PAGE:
01 March 2011
Desperate Times, Desperate Measures – the Smith Gun Terry J. Gander on a very unusual artillery weapon ...
The British army, and indeed the entire British nation, was in a desperate situation following the Dunkirk evacuation of June 1940. While many trained personnel had been rescued for later campaigns almost the entire British gun park had been left behind in France. Invasion seemed imminent. While the determination to defend the United Kingdom mainland was present to a degree seldom seen before or since, modern warfare requires modern weapons and the British had virtually none.
In 1940 the United Kingdom was not fully organised or equipped for a modern war conducted by armoured forces. The nation’s defence industry was still at a stage where the heavier weapons, including artillery, were leaving the production lines in far too limited quantities and many of them were obsolescent, at best.
As always in such situations, one reaction was to devise numerous makeshift measures to provide the troops with something to fight with. High among the many priorities was some form of fire support weapon for the newly formed Local Defence Volunteers (LDV), later renamed as the Home Guard on 23rd July1940. Although largely armed with small arms, they were expected to harass and delay the enemy’s post invasion advances until the few fully trained army units still available could be deployed to where they could be most effective.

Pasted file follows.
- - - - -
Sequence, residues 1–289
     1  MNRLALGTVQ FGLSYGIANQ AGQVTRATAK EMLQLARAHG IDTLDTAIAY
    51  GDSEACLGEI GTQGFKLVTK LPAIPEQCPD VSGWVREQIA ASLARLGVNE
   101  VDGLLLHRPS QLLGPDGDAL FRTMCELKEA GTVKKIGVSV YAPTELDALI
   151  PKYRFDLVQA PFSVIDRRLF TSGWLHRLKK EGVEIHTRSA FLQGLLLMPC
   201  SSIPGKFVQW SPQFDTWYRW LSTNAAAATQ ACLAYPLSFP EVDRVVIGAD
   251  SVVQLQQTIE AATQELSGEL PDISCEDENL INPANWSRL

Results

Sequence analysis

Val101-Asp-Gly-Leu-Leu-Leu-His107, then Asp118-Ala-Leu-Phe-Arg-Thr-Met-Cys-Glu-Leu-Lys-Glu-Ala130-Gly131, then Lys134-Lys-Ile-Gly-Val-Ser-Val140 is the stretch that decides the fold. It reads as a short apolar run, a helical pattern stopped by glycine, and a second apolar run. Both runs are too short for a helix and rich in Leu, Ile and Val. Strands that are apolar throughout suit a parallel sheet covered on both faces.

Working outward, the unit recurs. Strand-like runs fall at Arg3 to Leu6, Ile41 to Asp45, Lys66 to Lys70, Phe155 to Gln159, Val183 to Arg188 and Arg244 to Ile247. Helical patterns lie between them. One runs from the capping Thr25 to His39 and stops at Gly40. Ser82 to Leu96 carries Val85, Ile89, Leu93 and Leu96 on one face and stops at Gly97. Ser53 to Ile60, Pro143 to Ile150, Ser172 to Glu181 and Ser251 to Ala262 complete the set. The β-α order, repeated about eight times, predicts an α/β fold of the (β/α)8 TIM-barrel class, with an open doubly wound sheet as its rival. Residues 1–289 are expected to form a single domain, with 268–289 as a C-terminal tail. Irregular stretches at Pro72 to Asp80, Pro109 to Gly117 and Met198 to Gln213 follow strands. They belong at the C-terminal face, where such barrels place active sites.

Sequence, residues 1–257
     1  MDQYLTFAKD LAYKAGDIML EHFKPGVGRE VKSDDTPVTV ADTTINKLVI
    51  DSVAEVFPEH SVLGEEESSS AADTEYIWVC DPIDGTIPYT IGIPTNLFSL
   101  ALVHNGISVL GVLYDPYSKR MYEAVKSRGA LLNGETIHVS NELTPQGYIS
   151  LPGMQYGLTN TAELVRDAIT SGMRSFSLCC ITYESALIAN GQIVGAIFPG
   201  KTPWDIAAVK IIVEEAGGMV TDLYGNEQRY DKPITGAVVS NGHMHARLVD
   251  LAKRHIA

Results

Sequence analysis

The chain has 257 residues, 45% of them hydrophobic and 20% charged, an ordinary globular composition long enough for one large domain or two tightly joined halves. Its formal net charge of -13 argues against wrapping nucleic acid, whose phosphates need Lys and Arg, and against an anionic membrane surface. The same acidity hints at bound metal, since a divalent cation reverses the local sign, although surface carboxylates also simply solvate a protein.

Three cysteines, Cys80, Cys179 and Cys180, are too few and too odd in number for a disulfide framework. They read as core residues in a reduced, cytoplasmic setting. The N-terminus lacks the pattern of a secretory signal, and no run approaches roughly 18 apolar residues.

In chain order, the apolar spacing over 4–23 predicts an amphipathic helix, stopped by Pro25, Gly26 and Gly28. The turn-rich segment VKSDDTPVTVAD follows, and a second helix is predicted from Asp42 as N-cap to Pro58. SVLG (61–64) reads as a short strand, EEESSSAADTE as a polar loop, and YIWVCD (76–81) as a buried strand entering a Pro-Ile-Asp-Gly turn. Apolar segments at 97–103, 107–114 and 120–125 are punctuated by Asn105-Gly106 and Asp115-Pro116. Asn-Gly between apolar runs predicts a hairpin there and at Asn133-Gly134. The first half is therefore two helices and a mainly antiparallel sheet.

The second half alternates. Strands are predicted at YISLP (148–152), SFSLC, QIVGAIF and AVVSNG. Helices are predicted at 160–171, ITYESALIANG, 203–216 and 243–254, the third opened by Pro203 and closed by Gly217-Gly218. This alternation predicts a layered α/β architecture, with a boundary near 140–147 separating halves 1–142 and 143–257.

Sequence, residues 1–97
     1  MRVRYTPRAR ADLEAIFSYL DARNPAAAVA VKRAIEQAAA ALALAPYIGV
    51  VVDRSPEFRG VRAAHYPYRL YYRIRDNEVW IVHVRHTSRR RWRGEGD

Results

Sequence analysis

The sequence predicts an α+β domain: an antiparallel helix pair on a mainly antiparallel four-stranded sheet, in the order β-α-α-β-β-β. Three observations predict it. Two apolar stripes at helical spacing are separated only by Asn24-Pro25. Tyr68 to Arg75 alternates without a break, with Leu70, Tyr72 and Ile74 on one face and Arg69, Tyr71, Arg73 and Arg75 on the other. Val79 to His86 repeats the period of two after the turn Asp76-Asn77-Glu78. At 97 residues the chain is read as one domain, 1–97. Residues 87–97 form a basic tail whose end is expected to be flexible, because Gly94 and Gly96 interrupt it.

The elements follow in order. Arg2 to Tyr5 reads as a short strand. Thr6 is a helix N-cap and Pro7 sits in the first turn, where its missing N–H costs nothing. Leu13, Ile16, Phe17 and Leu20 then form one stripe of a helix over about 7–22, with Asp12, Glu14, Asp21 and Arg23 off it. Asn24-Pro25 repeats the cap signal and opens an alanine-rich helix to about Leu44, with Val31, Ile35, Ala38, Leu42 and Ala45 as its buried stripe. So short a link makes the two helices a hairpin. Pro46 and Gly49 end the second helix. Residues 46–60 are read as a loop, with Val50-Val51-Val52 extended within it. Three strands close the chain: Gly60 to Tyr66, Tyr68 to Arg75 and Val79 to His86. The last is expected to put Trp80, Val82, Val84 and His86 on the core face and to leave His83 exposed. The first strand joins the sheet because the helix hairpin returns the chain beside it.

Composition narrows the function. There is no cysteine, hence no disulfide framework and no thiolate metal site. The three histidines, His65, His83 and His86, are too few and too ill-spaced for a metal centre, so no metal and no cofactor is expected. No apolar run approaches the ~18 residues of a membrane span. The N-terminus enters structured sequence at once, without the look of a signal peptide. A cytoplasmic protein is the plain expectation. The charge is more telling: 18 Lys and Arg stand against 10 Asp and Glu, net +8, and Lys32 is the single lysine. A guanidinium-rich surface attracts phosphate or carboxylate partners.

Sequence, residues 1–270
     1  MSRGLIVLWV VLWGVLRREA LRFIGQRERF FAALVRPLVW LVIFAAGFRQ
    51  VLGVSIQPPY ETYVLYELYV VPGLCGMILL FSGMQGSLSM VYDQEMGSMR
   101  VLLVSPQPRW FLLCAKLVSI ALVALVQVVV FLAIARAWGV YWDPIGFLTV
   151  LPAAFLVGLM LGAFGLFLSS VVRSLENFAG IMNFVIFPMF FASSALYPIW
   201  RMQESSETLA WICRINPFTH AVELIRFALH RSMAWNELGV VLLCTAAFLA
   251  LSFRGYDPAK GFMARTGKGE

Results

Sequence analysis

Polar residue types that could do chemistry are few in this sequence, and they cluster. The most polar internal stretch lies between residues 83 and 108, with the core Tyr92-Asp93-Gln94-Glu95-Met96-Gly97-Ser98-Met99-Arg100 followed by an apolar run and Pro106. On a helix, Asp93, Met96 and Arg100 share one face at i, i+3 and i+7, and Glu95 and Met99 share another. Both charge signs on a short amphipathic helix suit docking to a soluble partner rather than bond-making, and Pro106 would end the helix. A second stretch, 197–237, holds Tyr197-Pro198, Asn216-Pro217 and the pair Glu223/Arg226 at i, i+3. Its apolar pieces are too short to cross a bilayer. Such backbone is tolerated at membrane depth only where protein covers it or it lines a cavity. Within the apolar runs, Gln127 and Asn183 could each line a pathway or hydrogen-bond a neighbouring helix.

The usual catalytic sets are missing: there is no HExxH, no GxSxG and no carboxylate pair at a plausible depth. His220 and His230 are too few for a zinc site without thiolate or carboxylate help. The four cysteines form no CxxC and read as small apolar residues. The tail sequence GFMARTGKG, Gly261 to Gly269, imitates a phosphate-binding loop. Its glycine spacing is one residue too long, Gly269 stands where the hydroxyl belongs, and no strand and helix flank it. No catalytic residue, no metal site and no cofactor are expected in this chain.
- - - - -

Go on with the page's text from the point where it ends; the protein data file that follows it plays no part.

The situation was therefore ripe for improvisations, the unorthodox and the rough and ready. It was the era of the Home Guard pike, the Northover Projector and the Molotov Cocktail. Among all these desperate measures there was also the Smith Gun, one of the most unusual artillery weapons of the 20th Century.
What became widely known as the Smith Gun started life as a private venture by the Trianco Engineering Company of East Molesey, Surrey. This concern normally produced the range of toys and models marketed under the Triang (or Tri-ang) label.
One Trianco senior design engineer, recorded only as Mr Smith (about whom I would like to know more), decided that as the company had already devoted their resources to war work (their contractor code was S 411) they might as well design some form of fire support weapon. While the bulk of the Home Guard’s immediate small arms requirements were being met by mass purchases from the USA, the prospects for anything resembling field artillery would remain bleak for many months to come. That was where Mr Smith decided to act and his prototype gun emerged as early as July 1940.
Read the full article in the March/April 2011 issue of the Armourer